Tag Archives: Crafty

Crafty: The Heart-Shaped Box

17 Jan

I am so excited to finally share this project with you. I really didn’t do much in the way of handmade gifts for Isobel this year. Focusing on thrifting, hosting Christmas, and just being with my family took up most of my time so I thought I really wouldn’t bother with handmade gifts for Isobel. She is just swimming in toys and things she carries around to play with that aren’t toys, and I knew she’d be getting piles of stuff for Christmas, so it was easy to justify not making her a bunch of gifts. And I’ve already explained my theory of thrifted gifts and why I’m an asshole anyway. But, when the Pixie and I stopped by the craft store a week before Christmas to pick up supplies for the gift I was making my friends, I couldn’t pass up this sweet little paper heart box for 99 cents.

Using craft paint I already had, I used time when Isobel was with Grandma to paint layer after layer of pink paint on the brown paper surface. I decided to paint the inside of the box red to make it stand out more, which I don’t regret but made the whole thing more complicated because each mistake meant waiting for paint to dry to apply another layer to fix the errant blotches.

The craft store also had these fantastic jewels for three bucks, and I can’t think of a more perfect treasure to fit inside. Isobel adores her heart box, and I’m so glad I took the time to make it. Total cost of the project was less than five bucks. Although I made this as part of Handmade Christmas, wouldn’t this be the perfect Valentine gift, or even project, if your little one was school-aged? It could be filled with chocolate and covered with doilies or modge-podge.

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Guest Post: Pom Pom Tutorial by Emily Bilbery

13 Dec

I am excited to present to you a guest post from the lovely and talented Emily Bilbery of Uffda Designs. Emily is a WAHM who sells her crafts on Etsy while watching and playing with her smooshy-cute daughter Poppy. She’s creative and knows how to have a thrifty good time and today she’s going to show us how to make pom poms. Bonus thrifty tip: lots of times you can find donated yarn at thrift stores when people decide it’s time for a de-stash, so keep your eyes open for thrifty deals.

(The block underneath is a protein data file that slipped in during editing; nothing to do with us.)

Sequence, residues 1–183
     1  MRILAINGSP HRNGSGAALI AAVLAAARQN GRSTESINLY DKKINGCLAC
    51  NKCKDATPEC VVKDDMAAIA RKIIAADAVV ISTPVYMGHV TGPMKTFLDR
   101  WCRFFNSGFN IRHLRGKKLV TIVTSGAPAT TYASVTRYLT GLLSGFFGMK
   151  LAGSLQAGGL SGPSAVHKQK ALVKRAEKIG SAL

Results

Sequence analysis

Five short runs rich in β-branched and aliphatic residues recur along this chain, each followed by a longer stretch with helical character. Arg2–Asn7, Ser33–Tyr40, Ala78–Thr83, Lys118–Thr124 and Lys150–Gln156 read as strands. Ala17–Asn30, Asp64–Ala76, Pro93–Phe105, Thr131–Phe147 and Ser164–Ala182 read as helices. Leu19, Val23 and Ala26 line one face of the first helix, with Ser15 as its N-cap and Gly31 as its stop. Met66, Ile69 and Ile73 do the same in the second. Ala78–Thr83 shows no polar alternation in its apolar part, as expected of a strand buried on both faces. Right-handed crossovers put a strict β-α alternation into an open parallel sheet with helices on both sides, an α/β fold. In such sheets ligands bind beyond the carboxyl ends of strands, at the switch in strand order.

Take it away, gorgeous!

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season’s greetings, darlings! i’m completely honored to be guest-posting here today. little big is one of my all-time favorite blogs, and i’m so very excited to share a bit of crafty goodness with you all. i share carrie anne’s love of all things frugal and i also wanted my craft tutorial to be something that people on any budget and holding any skill level could make. so today i’m going to show you how to make yarn poms, a yarn pom garland and pom-embellished gift wrapping, without any sewing required! you’ll simply need:

* yarn (can be found at dollar stores and thrift shops, as well as craft stores.)

* sharp scissors

* wrapping paper of your choice, if you plan on using your poms to adorn gifts (rolls of plain brown, recycled paper can be found at dollar stores, target & hardware stores. another great option is hemming blocks thrifted/vintage fabric in various sizes to re-use in many years to come! gifts look so lovely wrapped in pretty fabric and tied with ribbon, string or yarn.)

now it’s time to make some poms!

POM POM TUTORIAL

1) first, begin loosely wrapping your yarn around your index and middle fingers, leaving a small gap between…

2) wrap,  wrap, and wrap some more until you have a large bundle of yarn accumulated! use a little more than you think you’ll need, to create nice fluffy poms.

3) next, cut a small length of yarn (around 6 inches) and wrap it under/around the center of your bundle of wrapped yarn, between your fingers.

4) tie in a basic knot.

5) then slip your fingers out, tighten your strings in the center, and double-knot tightly to secure.

6) then, use your scissors to snip through the loops of yarn. work your way around the little donut…

7) and watch it magically transform into a fluffy yarn pom! trim around your pom with scissors until you have a nice uniform puff.

easy-peasy, right?!

if you’d like to make a garland with your poms, here’s a really easy, no-sew method:

POM POM GARLAND TUTORIAL

1) cut a length of yarn that will reach across the area you want to hang it.

2) create poms in your desired colors & quantity to adorn the garland.

3) cut small lengths of yarn (around 6 inches) to match the number of poms you’re using.

4) tie the small length of yarn onto the large one with a basic knot.

5) then tie your yarn pom on through the center, and double-knot tightly to secure.

6) trim off the excess pieces of yarn, and repeat with your remaining poms to create your garland!

7) (optional) if you’re sewing-savvy, you can just grab an embroidery needle, thread it with yarn, and sew right through the centers of your poms to create a garland in no time!

these garlands are so cheerful and can be created to match any decor – try them for various holidays, or to match a child’s room. you could also make a long bunting to adorn a christmas tree! so very festive!

another great way to feature poms is to decorate gifts with them. this year i’m wrapping all of my christmas gifts with plain brown paper, yarn, and yarn poms. there is no limit to the color combinations you could use, or to the number of poms for each gift! they look equally cute with one pom or many. simply wrap your desired amount of yarn around your package, tie into a knot, and use a small length of yarn to double-knot your poms on (just like in the garland instructions above.)